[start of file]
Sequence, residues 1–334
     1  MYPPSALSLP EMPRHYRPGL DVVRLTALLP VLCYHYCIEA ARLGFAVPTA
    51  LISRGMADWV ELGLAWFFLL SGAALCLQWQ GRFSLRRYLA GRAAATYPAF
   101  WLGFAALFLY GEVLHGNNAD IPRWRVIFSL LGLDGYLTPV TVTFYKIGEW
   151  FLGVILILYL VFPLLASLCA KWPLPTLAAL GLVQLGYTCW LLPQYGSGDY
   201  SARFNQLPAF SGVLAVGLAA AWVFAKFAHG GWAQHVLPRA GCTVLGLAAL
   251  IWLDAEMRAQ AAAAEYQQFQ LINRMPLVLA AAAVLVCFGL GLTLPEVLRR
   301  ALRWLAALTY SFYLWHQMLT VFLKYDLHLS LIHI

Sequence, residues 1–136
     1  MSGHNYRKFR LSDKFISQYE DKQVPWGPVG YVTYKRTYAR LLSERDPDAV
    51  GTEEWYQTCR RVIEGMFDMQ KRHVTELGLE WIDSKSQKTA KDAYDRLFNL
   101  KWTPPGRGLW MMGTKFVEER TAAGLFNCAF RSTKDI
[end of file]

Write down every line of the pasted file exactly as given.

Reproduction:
Sequence, residues 1–334
     1  MYPPSALSLP EMPRHYRPGL DVVRLTALLP VLCYHYCIEA ARLGFAVPTA
    51  LISRGMADWV ELGLAWFFLL SGAALCLQWQ GRFSLRRYLA GRAAATYPAF
   101  WLGFAALFLY GEVLHGNNAD IPRWRVIFSL LGLDGYLTPV TVTFYKIGEW
   151  FLGVILILYL VFPLLASLCA KWPLPTLAAL GLVQLGYTCW LLPQYGSGDY
   201  SARFNQLPAF SGVLAVGLAA AWVFAKFAHG GWAQHVLPRA GCTVLGLAAL
   251  IWLDAEMRAQ AAAAEYQQFQ LINRMPLVLA AAAVLVCFGL GLTLPEVLRR
   301  ALRWLAALTY SFYLWHQMLT VFLKYDLHLS LIHI

Sequence, residues 1–136
     1  MSGHNYRKFR LSDKFISQYE DKQVPWGPVG YVTYKRTYAR LLSERDPDAV
    51  GTEEWYQTCR RVIEGMFDMQ KRHVTELGLE WIDSKSQKTA KDAYDRLFNL
   101  KWTPPGRGLW MMGTKFVEER TAAGLFNCAF RSTKDI